The first session of the 40th parliament opened on November 18, 2008, after Prime Minister Stephen Harper and the Conservatives won a slightly stronger minority government in the 2008 election. With a new government in session, Finance Minister Jim Flaherty tabled a fiscal update nine days later. Among other things, the update cut government spending, suspended the ability of civil servants to strike, sold off some Crown assets, and eliminated existing political party subsidies. This fiscal update was rejected by the opposition, and became a catalyst for talks of a coalition government. Stéphane Dion of the Liberal Party and Jack Layton of the New Democratic Party, signed an accord stating that in the event that the government lost the confidence of the house, they would form a coalition with the support of Gilles Duceppe and the Bloc Québécois, if asked to do so by the Governor General of Canada Michaëlle Jean. However, Stephen Harper delayed the vote of non-confidence scheduled for December 1, and the Governor General prorogued parliament on Harper's advice on December 4, 2008, until January 26, 2009.
After prorogation, calls came from within the Liberal Party for Dion to resign immediately. Dion initially scheduled his resignation for the party's leadership convention in May 2009, but on December 8, 2008, he announced that he would step down upon the selection of an interim leader. After the withdrawal of Bob Rae and Dominic LeBlanc from the 2009 leadership race, Michael Ignatieff became the only leadership candidate, and therefore was appointed interim leader of the Liberals and the opposition on December 10, 2008.
The Governor-in-Council recalled parliament on January 26, 2009. Its first business (after the Throne Speech) was to present the federal budget, which included a large deficit. After negotiations with new opposition leader Michael Ignatieff, the government promised to present regular updates on the stimulus budget, and the Liberals and Conservatives joined to pass the budget and keep the Conservative government in power. The Conservative government made crime a major focus of the session. The Conservatives reintroduced their former mandatory minimums bill, known as Bill C-15.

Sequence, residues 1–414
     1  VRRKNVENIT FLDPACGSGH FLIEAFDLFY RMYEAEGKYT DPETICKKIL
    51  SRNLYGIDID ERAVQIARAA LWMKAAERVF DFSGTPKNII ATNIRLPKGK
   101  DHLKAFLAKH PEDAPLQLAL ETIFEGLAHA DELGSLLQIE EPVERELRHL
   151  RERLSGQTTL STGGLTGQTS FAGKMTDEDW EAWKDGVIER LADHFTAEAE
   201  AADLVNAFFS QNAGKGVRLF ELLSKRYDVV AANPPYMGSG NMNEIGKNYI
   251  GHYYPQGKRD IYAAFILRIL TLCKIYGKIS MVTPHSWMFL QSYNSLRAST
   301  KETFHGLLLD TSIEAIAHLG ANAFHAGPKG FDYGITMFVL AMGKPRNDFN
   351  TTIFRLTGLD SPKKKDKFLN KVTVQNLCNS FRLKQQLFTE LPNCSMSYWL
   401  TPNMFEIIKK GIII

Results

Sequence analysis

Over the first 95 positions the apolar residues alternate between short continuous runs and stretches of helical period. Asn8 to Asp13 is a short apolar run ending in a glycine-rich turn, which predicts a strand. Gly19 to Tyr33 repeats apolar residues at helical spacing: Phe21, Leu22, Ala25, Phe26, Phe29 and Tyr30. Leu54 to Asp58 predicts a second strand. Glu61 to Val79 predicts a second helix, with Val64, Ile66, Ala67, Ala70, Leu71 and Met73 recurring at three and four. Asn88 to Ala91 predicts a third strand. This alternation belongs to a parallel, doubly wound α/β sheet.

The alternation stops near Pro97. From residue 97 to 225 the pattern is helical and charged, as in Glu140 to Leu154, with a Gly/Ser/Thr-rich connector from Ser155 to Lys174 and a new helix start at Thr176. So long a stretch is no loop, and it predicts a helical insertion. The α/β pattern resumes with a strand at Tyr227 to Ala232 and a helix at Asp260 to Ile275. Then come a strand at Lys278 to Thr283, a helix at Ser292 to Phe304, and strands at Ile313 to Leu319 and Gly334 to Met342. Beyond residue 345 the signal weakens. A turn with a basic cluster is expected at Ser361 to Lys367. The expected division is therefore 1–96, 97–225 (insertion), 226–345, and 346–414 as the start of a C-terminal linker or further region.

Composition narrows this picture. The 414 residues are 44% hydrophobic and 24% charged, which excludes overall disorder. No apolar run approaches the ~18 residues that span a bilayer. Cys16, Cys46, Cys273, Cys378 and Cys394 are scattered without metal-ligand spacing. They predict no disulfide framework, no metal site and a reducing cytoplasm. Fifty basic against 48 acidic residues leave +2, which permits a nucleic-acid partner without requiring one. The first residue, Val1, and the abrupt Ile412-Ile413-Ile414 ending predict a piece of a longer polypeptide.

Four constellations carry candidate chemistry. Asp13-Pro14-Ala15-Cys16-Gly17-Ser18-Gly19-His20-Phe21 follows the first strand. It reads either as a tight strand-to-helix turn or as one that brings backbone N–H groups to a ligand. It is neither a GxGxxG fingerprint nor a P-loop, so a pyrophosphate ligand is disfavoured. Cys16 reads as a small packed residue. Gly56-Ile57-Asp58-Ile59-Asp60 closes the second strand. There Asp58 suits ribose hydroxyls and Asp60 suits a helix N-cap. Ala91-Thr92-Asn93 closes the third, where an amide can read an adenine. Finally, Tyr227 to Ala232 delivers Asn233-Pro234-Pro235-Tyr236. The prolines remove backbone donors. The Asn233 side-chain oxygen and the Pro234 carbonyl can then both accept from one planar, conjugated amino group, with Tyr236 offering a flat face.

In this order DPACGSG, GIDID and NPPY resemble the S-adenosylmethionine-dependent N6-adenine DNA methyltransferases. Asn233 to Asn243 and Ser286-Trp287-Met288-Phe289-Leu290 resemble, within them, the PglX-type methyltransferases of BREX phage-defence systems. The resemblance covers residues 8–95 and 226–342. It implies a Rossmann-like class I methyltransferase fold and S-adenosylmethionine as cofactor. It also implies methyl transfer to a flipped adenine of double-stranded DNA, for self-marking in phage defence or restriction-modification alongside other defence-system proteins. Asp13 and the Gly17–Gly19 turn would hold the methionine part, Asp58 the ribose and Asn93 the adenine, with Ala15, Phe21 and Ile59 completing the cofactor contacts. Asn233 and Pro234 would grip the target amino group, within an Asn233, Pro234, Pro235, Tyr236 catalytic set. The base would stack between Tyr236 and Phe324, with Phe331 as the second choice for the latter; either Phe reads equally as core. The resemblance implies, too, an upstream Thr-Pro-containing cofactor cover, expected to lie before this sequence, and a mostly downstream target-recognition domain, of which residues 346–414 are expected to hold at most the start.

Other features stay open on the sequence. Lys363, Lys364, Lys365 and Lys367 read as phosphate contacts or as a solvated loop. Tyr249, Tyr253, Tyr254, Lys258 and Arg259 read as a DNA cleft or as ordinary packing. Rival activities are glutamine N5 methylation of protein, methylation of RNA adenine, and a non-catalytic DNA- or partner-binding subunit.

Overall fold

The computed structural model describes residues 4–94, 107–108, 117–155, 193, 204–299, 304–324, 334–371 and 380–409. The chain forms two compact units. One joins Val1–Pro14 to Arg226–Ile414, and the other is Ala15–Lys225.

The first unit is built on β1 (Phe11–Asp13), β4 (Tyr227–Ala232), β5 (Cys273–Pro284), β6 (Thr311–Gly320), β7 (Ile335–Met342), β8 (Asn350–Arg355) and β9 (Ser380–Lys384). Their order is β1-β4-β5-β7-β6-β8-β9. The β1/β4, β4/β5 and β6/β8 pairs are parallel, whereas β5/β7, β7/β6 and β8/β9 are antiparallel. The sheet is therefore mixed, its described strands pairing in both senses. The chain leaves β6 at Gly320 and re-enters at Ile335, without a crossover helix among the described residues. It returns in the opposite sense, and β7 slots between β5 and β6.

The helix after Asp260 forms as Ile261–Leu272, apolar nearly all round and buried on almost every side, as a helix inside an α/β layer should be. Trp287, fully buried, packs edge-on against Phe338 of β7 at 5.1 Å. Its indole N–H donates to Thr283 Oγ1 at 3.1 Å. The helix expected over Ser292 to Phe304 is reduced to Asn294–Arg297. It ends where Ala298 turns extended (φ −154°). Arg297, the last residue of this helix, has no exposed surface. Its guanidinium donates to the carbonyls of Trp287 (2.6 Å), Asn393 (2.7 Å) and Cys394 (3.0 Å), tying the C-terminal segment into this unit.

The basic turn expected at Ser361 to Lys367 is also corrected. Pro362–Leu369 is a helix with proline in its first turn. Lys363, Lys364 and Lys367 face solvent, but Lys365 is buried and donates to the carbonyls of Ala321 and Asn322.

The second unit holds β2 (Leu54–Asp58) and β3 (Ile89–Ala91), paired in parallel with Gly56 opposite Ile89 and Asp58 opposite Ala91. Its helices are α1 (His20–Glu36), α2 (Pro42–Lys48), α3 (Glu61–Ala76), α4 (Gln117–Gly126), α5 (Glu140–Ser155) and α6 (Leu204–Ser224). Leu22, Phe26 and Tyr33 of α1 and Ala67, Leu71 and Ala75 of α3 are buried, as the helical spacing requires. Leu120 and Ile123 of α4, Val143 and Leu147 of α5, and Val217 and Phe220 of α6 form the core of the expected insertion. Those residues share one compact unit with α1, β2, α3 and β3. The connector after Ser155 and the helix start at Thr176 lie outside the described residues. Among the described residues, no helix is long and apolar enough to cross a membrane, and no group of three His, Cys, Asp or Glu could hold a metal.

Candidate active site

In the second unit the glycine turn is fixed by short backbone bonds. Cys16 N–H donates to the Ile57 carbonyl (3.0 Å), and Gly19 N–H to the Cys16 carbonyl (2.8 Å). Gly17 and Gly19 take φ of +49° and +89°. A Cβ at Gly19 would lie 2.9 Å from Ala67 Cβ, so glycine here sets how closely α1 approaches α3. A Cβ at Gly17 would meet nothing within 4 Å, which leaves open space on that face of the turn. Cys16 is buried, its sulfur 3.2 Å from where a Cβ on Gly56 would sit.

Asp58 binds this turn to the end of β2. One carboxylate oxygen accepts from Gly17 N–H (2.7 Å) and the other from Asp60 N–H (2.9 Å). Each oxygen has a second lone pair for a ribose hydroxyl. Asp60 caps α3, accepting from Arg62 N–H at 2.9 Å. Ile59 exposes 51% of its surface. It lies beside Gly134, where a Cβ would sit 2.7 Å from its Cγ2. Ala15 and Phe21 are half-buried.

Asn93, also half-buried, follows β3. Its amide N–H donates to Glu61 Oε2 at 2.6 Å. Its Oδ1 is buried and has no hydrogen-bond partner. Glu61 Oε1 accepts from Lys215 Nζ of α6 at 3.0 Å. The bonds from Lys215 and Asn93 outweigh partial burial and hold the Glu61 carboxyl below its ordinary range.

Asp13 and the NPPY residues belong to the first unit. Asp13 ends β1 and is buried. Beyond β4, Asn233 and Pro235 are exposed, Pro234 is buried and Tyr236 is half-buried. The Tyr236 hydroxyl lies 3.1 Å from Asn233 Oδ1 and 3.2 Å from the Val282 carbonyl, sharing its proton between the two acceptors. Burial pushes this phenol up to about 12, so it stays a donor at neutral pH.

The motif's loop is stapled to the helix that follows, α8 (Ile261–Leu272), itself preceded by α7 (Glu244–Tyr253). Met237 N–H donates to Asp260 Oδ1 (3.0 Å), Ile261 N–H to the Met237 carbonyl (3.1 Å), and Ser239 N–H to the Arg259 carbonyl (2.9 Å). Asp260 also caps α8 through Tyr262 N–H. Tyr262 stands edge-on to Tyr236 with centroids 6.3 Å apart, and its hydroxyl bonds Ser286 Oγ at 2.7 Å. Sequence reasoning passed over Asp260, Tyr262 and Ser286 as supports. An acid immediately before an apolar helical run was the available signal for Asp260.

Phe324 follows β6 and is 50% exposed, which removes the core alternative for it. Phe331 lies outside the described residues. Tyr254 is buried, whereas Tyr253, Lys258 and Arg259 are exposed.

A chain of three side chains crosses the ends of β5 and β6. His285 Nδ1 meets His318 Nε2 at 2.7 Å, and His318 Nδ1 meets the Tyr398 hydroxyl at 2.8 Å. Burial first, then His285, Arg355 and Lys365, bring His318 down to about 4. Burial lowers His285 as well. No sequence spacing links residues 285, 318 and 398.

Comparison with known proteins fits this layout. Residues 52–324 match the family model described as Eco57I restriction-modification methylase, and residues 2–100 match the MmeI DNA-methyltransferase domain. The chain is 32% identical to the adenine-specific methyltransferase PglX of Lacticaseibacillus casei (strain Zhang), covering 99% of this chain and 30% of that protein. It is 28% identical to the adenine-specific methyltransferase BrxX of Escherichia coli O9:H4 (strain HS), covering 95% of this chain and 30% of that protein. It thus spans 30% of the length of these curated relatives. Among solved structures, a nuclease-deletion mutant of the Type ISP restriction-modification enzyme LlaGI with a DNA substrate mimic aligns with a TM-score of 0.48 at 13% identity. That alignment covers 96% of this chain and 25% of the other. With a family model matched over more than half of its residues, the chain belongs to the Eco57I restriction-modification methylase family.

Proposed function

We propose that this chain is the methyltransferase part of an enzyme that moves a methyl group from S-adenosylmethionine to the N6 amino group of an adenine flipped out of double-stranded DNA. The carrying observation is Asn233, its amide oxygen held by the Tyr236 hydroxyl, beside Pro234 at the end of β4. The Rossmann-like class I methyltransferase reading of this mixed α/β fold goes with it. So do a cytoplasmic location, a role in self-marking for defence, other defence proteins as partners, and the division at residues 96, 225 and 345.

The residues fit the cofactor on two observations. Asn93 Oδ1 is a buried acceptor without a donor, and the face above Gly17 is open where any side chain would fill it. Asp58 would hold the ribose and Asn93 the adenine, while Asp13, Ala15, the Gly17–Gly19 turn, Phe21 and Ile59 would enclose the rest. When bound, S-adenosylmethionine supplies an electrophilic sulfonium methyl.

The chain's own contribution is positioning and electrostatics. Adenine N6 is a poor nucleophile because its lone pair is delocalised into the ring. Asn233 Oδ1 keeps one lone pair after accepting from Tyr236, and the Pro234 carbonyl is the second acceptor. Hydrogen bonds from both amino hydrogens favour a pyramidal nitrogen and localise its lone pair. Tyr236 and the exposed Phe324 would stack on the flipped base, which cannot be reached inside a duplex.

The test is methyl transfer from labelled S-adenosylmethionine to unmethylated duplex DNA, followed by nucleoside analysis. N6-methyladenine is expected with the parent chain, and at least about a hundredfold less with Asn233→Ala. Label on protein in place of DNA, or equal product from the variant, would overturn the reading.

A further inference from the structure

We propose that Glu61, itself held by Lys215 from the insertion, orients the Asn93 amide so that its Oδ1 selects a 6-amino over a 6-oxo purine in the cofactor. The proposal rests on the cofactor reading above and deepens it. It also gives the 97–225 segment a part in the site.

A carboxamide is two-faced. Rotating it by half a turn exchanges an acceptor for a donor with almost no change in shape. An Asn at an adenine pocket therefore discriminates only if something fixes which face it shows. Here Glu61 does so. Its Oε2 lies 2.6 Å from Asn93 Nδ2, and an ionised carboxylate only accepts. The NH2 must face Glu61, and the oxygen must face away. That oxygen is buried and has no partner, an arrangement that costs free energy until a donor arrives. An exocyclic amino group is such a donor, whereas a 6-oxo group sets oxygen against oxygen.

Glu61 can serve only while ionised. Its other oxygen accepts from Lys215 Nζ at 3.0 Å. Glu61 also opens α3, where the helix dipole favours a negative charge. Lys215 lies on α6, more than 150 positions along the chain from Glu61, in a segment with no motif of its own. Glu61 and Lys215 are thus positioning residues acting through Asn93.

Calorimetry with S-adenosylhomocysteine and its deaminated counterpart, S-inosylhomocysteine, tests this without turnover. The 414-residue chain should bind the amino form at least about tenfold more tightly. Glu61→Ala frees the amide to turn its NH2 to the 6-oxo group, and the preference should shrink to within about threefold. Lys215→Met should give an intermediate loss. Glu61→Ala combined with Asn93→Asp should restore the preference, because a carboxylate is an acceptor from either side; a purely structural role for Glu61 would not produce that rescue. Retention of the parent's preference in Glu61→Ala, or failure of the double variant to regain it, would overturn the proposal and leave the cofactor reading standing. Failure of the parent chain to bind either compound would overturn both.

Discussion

On December 30, 2009, Prime Minister Stephen Harper announced that he would advise the Governor General to prorogue parliament during the 2010 Winter Olympics, until March 3, 2010. He telephoned Governor General Michaëlle Jean to ask her permission to end the parliamentary session and Jean signed the proclamation later that day. According to Harper's spokesman, he sought his second prorogation to consult with Canadians about the economy. In an interview with CBC News, Prince Edward Island Liberal member of parliament Wayne Easter accused the Prime Minister of "shutting democracy down". The second prorogation in a year also received some international criticism as being not very democratic.
In response to the prorogation, demonstrations took place on January 23, 2010, in over 60 Canadian cities, and at least four cities in other countries. The protests attracted thousands of participants, many who had joined a group on Facebook.
The Senate of Canada has seen new members appointed in blocs of 18, 9, and 5; all were appointed to the Conservative caucus. The balance of power shifted for the first time on August 27, 2009, when the Liberal caucus was reduced to holding a plurality of 52 seats. On January 29, 2010, the balance shifted again as five vacancies were filled by appointed Conservatives, giving them a plurality of 51, with the Liberals holding the next-highest number of seats at 49. The Conservatives achieved an absolute majority when Don Meredith and Larry Smith were appointed on December 20, 2010. After dissolution, Smith and Fabian Manning resigned to run in the 2011 election. That reduced the Conservative caucus to 52, but they retained a majority of sitting senators as there were 50 senators of other parties and 3 vacancies.
|Henrietta Muir Edwards|
House of Commons
House of Commons
House of Commons
|Vaughan||November 29, 2010||Maurizio Bevilacqua||Liberal||Julian Fantino||Conservative||Resigned to run for Mayor of Vaughan||No|
|Dauphin—Swan River—Marquette||November 29, 2010||Inky Mark||Conservative||Robert Sopuck||Conservative||Resigned to run for Mayor of Dauphin||Yes|
|Winnipeg North||November 29, 2010||Judy Wasylycia-Leis||New Democratic||Kevin Lamoureux||Liberal||Resigned to run for Mayor of Winnipeg||No|
|Cumberland—Colchester—Musquodoboit Valley||November 9, 2009||Bill Casey||Independent||Scott Armstrong||Conservative||Resigned to accept appointment with Nova Scotia's Department of Intergovernmental Affairs||No|
|Hochelaga||November 9, 2009||Réal Ménard||Bloc Québécois||Daniel Paillé||Bloc Québécois||Resigned to run for Montreal City Council||Yes|
|Montmagny—L'Islet—Kamouraska—Rivière-du-Loup||November 9, 2009||Paul Crête||Bloc Québécois||Bernard Généreux||Conservative||Resigned to enter provincial politics||No|
|New Westminster—Coquitlam||November 9, 2009||Dawn Black||New Democratic||Fin Donnelly||New Democratic||Resigned to enter provincial politics||Yes|